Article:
One of the (many) great things about Colombia is it’s multiple festivos throughout the calendar year. In addition to Navidad (Christmas) and Semana Santa (Holy Week, or Spring Break), there are several long weekends with a Friday or a Monday acting as the “festivo.” However, ask any Colombian what the festivo is celebrating, and most of them will be unable to tell you, mainly because there are so many in the year and also because, well, no one really knows, but any day reserved to celebrate and relax in Colombia is greatly-accepted, regardless of the reason.
For this festivo weekend, with an added day off for celebrating Dia de la Maestra (teaching is awesome), a quick getaway to Medellin and Guatapé fit perfectly into four days and three nights. An Avianca flight booked days before whooshed easily up in the air and back down in about forty minutes; another flawless flight on the favorable Colombian airline.
After landing in Medellin, transport to the city was had on the community buseta for a barato $8,600.00 COP, versus a taxi for the quoted $50,000.0o (más o menos) COP. Gracias a Díos for public transportation in South America. As the little buseta ripped its way over winding hilly terrain at daredevil speeds, I repeated the Spanish word for rollercoaster outloud “montaña rusa, montaña ruuuuusaaaaa!” as my neighboring passenger laughed at my fear/excitement.
Arriving to my guest home, I was greeted by a beautiful woman named Gloria who welcomed me, fed me, and asked me questions about my life in Colombia, before wishing me a good night’s sleep. Waking to the smell of café con leche and warm arepas, desayuna was enjoyed with my other host, Juan Fernando, prior to catching the metro to the terminal de transporte. A large, bustling, half-indoor, half-outdoor estacíon reminiscent of the one in Guayaquil, people rushed up and down the stairs of the four floors.
The buses to Guatapé, located on the bottom floor next to the departure area, flashed neon signs advertising the small town about two hours away, as well as it’s main attraction, La Piedra Del Peñol, a gigantic monolith surrounded by a man-made lake and sprawling fincas and ranchos: the main reason for this personal journey to the land of the Paisa.
The bus, priced at $12,500 COP one way, and packed with people (and one small dog), provided a breezy ride on twisty, winding mountain roads through lush green rolling countryside. This interior terrain of Colombia is spectacular to see, and the climate – know by many as “eternal spring,” was a welcome relief to the rising heat of Cartagena.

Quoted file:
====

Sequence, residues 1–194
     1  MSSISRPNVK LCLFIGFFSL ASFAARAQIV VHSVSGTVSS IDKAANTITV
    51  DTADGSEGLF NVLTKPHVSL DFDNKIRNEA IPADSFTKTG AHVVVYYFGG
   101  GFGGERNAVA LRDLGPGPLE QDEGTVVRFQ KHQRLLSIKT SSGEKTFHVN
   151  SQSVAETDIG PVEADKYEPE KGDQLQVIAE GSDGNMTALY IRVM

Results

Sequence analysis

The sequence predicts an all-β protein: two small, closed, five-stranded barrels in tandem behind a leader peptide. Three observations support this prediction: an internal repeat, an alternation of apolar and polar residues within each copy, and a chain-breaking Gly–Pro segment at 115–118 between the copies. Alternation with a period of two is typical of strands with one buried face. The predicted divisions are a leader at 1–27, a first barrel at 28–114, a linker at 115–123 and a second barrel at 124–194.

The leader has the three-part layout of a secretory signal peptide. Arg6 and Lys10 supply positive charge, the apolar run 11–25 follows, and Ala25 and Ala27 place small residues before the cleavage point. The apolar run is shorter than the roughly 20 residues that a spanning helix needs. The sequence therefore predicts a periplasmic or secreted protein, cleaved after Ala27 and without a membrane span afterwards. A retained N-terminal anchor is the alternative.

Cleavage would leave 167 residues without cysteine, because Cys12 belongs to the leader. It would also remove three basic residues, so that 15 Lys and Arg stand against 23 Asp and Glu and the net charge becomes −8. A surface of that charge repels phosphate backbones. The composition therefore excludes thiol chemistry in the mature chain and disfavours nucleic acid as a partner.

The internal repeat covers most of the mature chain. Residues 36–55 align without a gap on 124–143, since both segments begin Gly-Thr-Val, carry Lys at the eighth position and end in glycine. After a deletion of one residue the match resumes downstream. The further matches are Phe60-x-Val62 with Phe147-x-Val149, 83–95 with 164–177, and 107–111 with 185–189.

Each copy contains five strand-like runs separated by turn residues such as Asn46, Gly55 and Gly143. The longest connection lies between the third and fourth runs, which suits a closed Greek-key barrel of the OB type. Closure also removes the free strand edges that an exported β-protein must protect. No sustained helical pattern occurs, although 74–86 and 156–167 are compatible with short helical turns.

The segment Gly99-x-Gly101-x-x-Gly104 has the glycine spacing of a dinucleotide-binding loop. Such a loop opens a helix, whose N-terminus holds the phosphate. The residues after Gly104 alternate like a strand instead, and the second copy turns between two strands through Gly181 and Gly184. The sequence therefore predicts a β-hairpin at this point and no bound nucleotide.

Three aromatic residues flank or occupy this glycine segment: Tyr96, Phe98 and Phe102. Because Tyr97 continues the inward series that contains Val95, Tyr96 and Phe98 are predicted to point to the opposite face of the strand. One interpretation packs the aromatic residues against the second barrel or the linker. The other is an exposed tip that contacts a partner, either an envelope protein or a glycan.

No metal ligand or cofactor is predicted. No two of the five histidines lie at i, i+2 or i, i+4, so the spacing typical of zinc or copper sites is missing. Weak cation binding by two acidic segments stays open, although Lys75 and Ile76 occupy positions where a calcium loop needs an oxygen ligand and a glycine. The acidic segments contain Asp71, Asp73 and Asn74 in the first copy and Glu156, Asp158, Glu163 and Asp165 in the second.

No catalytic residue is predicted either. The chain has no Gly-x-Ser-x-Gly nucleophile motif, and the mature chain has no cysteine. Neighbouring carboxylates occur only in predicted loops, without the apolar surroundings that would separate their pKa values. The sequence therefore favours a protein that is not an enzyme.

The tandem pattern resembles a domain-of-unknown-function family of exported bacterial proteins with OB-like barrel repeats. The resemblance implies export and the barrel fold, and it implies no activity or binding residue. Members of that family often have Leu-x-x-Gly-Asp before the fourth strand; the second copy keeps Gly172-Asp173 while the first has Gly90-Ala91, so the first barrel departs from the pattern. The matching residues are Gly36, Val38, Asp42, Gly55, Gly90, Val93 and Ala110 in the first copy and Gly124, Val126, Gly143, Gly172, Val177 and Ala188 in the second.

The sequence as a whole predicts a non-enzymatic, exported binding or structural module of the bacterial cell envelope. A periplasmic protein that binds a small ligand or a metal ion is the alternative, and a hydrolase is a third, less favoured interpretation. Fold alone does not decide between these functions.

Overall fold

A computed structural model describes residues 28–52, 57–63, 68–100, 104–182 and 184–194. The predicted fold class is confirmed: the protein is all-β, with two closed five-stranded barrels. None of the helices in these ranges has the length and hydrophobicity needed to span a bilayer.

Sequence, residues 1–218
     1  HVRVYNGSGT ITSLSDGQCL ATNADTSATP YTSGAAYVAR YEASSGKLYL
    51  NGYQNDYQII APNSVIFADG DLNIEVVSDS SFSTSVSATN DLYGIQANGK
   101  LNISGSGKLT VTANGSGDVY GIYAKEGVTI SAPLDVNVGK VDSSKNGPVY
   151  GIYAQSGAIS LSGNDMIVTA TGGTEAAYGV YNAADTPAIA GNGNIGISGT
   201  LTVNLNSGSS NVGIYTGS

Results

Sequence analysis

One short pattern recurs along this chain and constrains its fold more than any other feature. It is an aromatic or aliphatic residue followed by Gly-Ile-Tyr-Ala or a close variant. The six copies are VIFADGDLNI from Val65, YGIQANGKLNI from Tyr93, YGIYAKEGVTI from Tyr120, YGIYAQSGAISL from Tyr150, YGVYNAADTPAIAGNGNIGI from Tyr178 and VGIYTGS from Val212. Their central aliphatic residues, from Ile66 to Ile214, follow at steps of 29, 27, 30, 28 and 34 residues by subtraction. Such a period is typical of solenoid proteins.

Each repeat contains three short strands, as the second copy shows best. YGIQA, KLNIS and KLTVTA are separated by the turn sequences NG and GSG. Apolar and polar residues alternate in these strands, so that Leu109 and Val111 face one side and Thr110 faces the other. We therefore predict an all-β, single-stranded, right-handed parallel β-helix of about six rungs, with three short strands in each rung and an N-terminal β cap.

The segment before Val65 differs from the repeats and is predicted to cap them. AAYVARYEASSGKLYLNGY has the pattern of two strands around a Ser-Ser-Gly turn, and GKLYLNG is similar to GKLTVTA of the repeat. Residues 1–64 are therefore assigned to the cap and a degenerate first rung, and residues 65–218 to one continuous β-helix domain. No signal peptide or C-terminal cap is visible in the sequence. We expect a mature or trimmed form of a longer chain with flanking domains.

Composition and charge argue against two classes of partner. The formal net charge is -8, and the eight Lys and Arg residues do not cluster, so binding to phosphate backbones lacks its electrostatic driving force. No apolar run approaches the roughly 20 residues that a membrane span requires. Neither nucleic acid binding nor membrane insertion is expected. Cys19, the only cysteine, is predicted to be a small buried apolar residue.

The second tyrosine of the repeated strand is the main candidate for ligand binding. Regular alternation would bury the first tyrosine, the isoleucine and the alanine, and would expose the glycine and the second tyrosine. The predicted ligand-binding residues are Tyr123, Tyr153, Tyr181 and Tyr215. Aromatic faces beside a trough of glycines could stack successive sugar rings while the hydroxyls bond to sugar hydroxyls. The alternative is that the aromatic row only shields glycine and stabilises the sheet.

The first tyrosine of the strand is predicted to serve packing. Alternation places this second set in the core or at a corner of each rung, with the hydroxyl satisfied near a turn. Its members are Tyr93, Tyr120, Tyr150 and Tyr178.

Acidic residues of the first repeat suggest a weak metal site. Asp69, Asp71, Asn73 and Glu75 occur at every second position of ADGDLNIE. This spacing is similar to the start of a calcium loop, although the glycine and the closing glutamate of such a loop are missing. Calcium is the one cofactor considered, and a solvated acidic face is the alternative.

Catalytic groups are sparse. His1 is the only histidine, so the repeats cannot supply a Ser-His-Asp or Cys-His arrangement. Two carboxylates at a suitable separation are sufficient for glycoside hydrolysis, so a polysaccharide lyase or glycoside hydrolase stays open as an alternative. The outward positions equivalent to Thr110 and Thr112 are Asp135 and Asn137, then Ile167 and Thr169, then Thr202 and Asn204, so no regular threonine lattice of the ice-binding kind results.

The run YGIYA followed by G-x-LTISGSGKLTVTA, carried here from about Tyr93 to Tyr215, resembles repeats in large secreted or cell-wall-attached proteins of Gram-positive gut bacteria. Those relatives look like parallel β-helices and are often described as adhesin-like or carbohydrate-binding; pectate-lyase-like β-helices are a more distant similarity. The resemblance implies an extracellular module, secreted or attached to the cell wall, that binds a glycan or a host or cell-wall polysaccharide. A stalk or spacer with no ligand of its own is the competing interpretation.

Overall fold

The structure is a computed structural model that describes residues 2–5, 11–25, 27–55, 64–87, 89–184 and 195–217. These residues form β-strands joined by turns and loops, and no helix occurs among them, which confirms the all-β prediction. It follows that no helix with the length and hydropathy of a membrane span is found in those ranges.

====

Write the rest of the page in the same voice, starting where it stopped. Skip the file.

Stopping to pick up vendors and drop off passengers, the bus continued until at last, appearing in the vast landscape like a humpback whale rising from a foamy green sea, it was finally visible: El Peñol, which left this gringa without words at first sight.
As the bus drove closer, finally passing the giant rock and rolling its way through Guatapé, I was so enamored by the scenery that I missed the little town and had to get off after the bus passed over the river, taking a colorful, speedy moto car back across.
At my first stop, Lake View Hostel, where I “booked” my reservation by emailing the owner, Greg, a day before. I was greeted warmly by a gentleman named Johnny who proudly showed me the relatively-new hospedaje, my home for the night.
Following a conversation with Johnny about Colombian life (and how we both love it), I took a moto car to El Peñol for $10,000 COP. It should be noted that collectivos, a rideshare in the back of a Nissan Patrol or similar vehicle with other passengers, are also available for about $3,000.
Regardless of the cost of transport, ascending the giant entry to El Peñol was almost as magnificent as standing before this huge monolith in person. Prior to moving to Colombia in 2014, this giant edifice, made of minerals including quartz, feldspar and mica, and rising 2,135 metres (7,005 ft) nearly straight up, has fascinated me and been at the top of my list of places to see in Colombia.
Fortunately, after paying $12,500 COP and climbing all 700 steps to the top, El Peñol did not disappoint. The climb up is momentarily brutal but overall exhilarating. Watching visitors from ages 3 to (possibly) 93 climb the skinny, carved rock staircase in the side of El Peñol was an adventure in itself.
Once at the top, the extraordinary view of this beautiful, diverse country made every step worthwhile. As the wind whipped around people taking selfies and staring out over the sprawling terrain of greens and blues, it was almost impossible not to feel a spiritual connection with Colombia.
After a good hour at the top, the climb back down El Peñol was refreshing and easily achieved. Piling into a double moto car disguised as a Chiva and able to hold six people comfortably, I squeezed in as a seventh, riding on one of the two batteries to either side of the driver.